By Barney Blakeney
No one likes the term failing schools, but beyond the semantics the reality is that the academic performance of many Charleston County School District students is tied to the schools they attend. The foundations of their academic careers are elementary schools which are the feeder schools to middle and high schools. I asked some school officials their thoughts about Charleston County School District feeder schools.
June 24 CCSD Mission Critical teams presented recommendations to the district’s consolidated school board members regarding elementary schools. Four Mission Critical Action groups in distinct geographical areas of the county – North Charleston, Downtown Charleston, West Ashley and Johns/Wadmalaw islands – were tasked with discussing topics set forth by the district and to come up with recommendations regarding those topics. The groups met for several months. Topics ranged from expanding the quality of pre-k through high school opportunities and aligning programs to merging schools and creating options.
The Mission Critical Action report for Constituent District 20 revealed third grade reading and math proficiency varied greatly among different schools. At predominantly white Buist Academy 96 percent of students tested were found proficient in English compared to about 41 percent of students tested at predominantly Black Sanders Clyde Elementary. In math 98 percent of Buist students tested was found proficient compared to about 55 percent at Sanders Clyde.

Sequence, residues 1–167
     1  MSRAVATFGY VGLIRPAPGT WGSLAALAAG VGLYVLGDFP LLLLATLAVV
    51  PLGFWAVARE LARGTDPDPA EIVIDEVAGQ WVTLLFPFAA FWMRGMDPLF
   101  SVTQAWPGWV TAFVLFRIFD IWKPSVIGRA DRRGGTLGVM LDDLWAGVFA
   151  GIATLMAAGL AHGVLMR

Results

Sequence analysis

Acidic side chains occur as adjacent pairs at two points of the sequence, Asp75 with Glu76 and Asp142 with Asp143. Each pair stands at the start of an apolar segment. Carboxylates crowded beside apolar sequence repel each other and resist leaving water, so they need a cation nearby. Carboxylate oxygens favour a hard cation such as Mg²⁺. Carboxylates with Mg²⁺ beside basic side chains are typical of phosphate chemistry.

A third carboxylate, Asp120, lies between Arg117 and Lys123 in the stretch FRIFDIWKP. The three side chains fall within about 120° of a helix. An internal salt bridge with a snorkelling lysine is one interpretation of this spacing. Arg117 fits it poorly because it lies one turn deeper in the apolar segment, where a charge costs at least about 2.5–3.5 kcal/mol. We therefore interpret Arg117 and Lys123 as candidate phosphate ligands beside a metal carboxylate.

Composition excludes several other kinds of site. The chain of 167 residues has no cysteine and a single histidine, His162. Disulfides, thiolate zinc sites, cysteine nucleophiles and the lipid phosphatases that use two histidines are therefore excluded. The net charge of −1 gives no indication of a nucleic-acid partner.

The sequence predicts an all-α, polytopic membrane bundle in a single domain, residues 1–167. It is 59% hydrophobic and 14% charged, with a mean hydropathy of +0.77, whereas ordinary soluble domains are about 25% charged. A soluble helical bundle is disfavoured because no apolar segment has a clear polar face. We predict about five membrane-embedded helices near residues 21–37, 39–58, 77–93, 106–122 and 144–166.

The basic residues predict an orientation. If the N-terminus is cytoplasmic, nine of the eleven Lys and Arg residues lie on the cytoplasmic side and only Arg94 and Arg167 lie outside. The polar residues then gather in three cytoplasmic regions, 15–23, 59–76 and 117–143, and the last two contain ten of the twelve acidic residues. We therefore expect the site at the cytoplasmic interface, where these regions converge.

Jon Butzon, Ninth Judicial Circuit Representative on the S.C. Department of Education School Board, said feeder schools are the foundation among the building blocks in education. And just as the building blocks of a house are constructed in layers, so are the building blocks in education. Leave out a block and it’s hard, though not impossible, to put it back. “You need to put blocks in the right place at the right time,” he said.
He related that a large part of student success at middle and high school depends on what has been built at the elementary school (feeder school) level. “It’s not complicated,” Butzon intimated. “When you’re talking about kindergarten and first grade, the goal has to be to lay a full course of blocks. CCSD does that better in some places than others.”
Charleston County Consolidated School Board member Priscilla Jeffery said when considering the role of feeder schools we also must look at the role school choice plays. While some parents get the opportunity to choose where their children attend elementary school, others don’t. Factors beyond their control determine where their children attend school. That creates an unfair advantage for some students, she said.
“The system’s been broken a long time. When we see a kid fail in high school, that kid came from somewhere. Choices in the feeder system make it unfair. We don’t spend enough on the little kids,” she said. “The district’s improving its feeder patterns, but you can’t turn the ship around in a minute,” she said. “I think we’re moving in the right direction,” she added.